Infrastructure NSW continues to defend claims by Grocon in relation to Central Barangaroo.
Grocon originally claimed that it had been induced by misleading or deceptive conduct by Infrastructure NSW into entering the Central Barangaroo Development Agreement. Subsequently Grocon claimed Infrastructure NSW deliberately withheld issuing a notice relating to its settlement with Crown and Lendlease in relation to their “sight lines” across Central Barangaroo. Grocon alleges this was done in order to force it out of the development, causing it loss.
Infrastructure NSW’s position is that Grocon’s exit from the development was proposed by Grocon on account of financial difficulties at other projects. Grocon approached Infrastructure NSW with a proposal to sell its development rights to its consortium partner Aqualand in accordance with a process set out in the consortium’s own documents. In the circumstances, Infrastructure NSW approved and supported the sale.
In order to support its claim, Grocon seeks to mischaracterise Infrastructure NSW’s actions.
Infrastructure NSW maintains that it complied with the provisions of the Central Barangaroo Development Agreement at all times.
Further background information
Grocon was chosen as the Central Barangaroo Developer (Developer) on behalf of a consortium that included Aqualand and Scentre Group. Grocon signed the Central Barangaroo Development Agreement (CENDA) in 2017.
The development at Central Barangaroo was subject to negotiations with Lendlease and Crown Resorts in relation to the sight lines from Barangaroo South across Central Barangaroo, to the Harbour Bridge and Opera House. This was disclosed in the tender documents and confirmed in the CENDA. Infrastructure NSW had until 1 January 2020 to issue a notice to the Developer establishing the outer limits of development at Central Barangaroo including height. If INSW did not issue a notice by that time, the development reverted to the existing planning approval dating to 2014.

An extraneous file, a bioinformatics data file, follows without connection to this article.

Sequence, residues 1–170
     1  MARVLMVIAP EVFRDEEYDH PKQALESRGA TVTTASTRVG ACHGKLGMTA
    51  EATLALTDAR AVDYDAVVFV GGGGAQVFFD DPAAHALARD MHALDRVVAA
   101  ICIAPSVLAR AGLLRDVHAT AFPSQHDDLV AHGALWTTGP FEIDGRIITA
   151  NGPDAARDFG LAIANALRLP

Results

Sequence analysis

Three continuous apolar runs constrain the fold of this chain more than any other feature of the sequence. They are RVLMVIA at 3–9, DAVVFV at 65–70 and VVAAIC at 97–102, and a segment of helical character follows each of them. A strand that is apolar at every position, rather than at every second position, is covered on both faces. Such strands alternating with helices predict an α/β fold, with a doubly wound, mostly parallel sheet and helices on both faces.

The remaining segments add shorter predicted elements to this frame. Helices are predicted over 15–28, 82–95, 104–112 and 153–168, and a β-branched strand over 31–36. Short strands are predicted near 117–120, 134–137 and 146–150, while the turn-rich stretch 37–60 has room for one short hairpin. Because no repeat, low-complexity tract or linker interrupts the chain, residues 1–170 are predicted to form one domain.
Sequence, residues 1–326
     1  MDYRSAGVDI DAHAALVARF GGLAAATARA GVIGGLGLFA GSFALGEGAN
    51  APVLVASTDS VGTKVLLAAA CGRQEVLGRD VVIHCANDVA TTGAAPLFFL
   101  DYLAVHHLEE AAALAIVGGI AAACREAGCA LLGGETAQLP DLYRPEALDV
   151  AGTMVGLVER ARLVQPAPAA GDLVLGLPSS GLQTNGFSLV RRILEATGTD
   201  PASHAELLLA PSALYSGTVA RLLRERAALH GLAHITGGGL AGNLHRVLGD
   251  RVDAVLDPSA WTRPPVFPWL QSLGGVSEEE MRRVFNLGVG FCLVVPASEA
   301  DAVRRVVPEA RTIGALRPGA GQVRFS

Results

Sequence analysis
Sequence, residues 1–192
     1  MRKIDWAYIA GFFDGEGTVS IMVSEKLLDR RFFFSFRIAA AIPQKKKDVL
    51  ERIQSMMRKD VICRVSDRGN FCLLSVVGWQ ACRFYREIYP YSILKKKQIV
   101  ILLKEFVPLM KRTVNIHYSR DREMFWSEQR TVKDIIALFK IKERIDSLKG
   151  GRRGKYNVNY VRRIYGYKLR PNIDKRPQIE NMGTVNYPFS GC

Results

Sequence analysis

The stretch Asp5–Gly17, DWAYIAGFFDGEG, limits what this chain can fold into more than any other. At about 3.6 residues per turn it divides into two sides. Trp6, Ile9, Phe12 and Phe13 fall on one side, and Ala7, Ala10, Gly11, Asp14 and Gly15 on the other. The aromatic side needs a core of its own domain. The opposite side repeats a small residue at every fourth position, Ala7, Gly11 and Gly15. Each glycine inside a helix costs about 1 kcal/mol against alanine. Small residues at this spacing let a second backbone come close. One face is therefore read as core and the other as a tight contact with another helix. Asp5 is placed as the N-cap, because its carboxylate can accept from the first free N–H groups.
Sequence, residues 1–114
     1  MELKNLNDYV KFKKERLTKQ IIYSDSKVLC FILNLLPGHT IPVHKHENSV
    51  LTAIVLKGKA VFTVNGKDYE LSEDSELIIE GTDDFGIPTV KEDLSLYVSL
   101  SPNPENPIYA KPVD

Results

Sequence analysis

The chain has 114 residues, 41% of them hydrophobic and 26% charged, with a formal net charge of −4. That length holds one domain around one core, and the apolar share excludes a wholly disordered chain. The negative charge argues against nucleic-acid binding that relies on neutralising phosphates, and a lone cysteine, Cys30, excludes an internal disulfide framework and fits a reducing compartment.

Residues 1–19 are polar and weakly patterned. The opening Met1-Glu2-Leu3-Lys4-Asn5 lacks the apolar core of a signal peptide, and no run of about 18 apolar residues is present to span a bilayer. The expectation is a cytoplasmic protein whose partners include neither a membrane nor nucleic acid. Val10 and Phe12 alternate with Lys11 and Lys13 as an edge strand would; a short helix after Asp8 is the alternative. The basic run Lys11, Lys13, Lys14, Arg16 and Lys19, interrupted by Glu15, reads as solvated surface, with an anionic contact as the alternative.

Infrastructure NSW reached a settlement with Lendlease and Crown in August 2019 in relation to the development envelope at Central Barangaroo.
Separately, from early 2019, Grocon had been negotiating the sale of its development rights to Aqualand. The transfer from Grocon to Aqualand was formally proposed to Infrastructure NSW by Grocon and Aqualand in February 2019. Following a period of open negotiation involving all consortium members, in mid-2019 Grocon and Aqualand entered into a transaction to effect the transfer via a “step-in” mechanism.
Grocon sought a waiver from Infrastructure NSW in relation to a particular aspect of Grocon’s exit from the consortium, which Infrastructure NSW provided. Once Grocon’s transaction had completed in September 2019, Aqualand was the Central Barangaroo Developer under the CENDA and Infrastructure NSW issued a sight lines settlement notice to Aqualand.
Grocon at times has alleged that Infrastructure NSW was the cause of Grocon’s financial difficulties. In August 2020, this argument was considered by the Supreme Court in the context of a security for costs application. Henry J found that:
“I am not persuaded that Grocon has established that Infrastructure NSW’s conduct has materially contributed to the impecuniosity of Grocon”.
Her Honour also noted the existence of Grocon liabilities which were unrelated to Central Barangaroo.
The litigation continues to proceed in accordance with a timetable set by the Court.